This shell assignment is inspired by the one by Bryant and O’Hallaron for Computer Systems: A Programmer’s Perspective, Third Edition
Not ready: This assignment may change for Fall 2018
Due: Friday, November 9, 11:59pm
For this assignment, you will implement a simple shell-scripting language, whoosh. The whoosh language is not entirely unlike bash, but whoosh is intended exclusively for batch mode. The starting code includes the language parser and an initial evaluation framework that works for a single command. You will change the initial evaluation so that it supports running multiple processes, in some cases capturing output to a variable or sending a variable’s content as input.
Lists the content of the current directory in long form.
Unlike any of the other examples, this example already works in the starting code for whoosh.
# This is a comment
Lists the content of the current directory in long form and then reports the current time and date.
repeat 10 /bin/echo hello
Prints hello 10 times.
/bin/ls -l => $files
$files => /usr/bin/wc -l
Copies the current directory’s listing to a variable, and then sends that variable to program that counts lines. The result is the same as /bin/ls -l | /usr/bin/wc -l in bash—
as long as the directory does not have too many files, because a variable like $files in whoosh holds only up to 4096 bytes.
/usr/bin/curl www.google.com || /usr/bin/curl www.bing.com
Gets the web page at www.bing.com or www.google.com, stopping when one of them is completely received and printed. Part or all of both may be printed.
/usr/bin/curl www.google.com && /usr/bin/curl www.bing.com
Gets the web pages at www.bing.com and www.google.com, stopping when both of them have been completely received and printed. The outputs may be interleaved, since the pages are downloaded at the same time.
/bin/bash -c "echo hi; exit 0" => $output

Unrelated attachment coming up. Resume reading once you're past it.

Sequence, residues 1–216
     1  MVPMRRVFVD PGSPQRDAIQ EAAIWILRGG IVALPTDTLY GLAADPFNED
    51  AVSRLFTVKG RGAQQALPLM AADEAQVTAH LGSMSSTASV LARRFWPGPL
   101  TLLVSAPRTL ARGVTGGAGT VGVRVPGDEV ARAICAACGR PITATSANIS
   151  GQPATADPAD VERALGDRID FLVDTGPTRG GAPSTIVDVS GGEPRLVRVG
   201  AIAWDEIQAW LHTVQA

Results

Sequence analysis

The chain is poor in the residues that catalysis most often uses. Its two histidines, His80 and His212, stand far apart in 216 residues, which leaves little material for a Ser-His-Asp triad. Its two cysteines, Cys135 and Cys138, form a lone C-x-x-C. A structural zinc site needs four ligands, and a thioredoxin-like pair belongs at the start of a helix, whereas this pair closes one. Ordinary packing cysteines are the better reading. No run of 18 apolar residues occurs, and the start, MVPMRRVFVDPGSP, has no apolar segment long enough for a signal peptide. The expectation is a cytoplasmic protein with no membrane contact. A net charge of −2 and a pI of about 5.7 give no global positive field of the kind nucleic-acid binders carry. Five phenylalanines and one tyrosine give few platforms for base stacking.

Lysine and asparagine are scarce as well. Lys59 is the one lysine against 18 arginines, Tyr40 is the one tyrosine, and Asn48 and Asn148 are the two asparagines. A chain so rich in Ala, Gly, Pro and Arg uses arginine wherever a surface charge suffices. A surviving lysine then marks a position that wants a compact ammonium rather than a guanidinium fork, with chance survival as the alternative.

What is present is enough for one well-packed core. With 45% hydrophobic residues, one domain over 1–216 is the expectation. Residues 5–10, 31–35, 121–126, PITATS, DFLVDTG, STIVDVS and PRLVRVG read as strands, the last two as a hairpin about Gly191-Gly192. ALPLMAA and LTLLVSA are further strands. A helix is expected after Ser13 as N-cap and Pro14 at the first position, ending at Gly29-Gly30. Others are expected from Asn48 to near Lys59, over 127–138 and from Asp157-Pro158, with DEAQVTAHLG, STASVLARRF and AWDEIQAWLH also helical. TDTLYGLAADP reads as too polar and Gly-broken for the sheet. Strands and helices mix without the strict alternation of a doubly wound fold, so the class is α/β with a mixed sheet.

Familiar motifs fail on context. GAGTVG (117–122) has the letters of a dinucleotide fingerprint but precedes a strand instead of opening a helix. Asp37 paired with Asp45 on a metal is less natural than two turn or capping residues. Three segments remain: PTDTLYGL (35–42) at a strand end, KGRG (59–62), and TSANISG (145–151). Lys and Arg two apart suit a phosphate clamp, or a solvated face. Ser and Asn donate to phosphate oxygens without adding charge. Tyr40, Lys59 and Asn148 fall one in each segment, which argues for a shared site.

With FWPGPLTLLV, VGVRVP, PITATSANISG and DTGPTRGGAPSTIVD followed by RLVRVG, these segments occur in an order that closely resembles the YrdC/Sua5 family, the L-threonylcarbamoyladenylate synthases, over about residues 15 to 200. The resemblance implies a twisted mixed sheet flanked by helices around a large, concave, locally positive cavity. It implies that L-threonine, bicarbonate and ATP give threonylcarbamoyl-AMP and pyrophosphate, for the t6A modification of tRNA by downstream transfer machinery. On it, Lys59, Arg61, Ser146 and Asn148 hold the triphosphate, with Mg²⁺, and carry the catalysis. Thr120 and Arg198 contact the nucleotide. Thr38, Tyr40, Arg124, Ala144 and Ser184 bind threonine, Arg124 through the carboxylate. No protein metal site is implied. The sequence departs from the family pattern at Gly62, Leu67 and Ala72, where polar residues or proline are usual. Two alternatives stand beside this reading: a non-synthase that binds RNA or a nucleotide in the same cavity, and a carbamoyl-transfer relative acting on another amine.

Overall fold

Prints hi, since the bash process exits with 0, which means that its output is captured to $output.
/bin/bash -c "echo hi; exit 42" => $output
Prints 42, since the bash process exits with failure, which means that $output holds the exit status.
/bin/bash -c "echo hi; kill $$" => $output
Prints -15, because kill $$ causes bash to send a termination signal to itself. Since the bash process terminated with a signal, the negated signal number is written to $output, and 15 is the number for the termination signal.
/bin/echo hi @ $echoPid
Prints hi followed by the process ID used to run the first echo process (although that process ID is of no use, since echo has terminated).
/bin/sleep 1000 @ $sleepPid && /bin/kill $sleepPid
Ends quickly, because the sleep process is terminated by kill.
Prints nothing for at least 33 minutes and 20 seconds. Hitting Ctl-C once reduces the time to 16 minutes and 40 seconds. Hitting Ctl-C twice can end the script quickly.
(If you don’t implement Ctl-C behavior, then hitting Ctl-C once will likely terminate the script immediately.)
/bin/bash -c "sleep 3; echo 1" => $patience
/bin/echo "Patience level =" $patience
Prints Patience level = 1 if you’re patient enough, or Patience level = -15 if you hit Ctl-C within 3 seconds.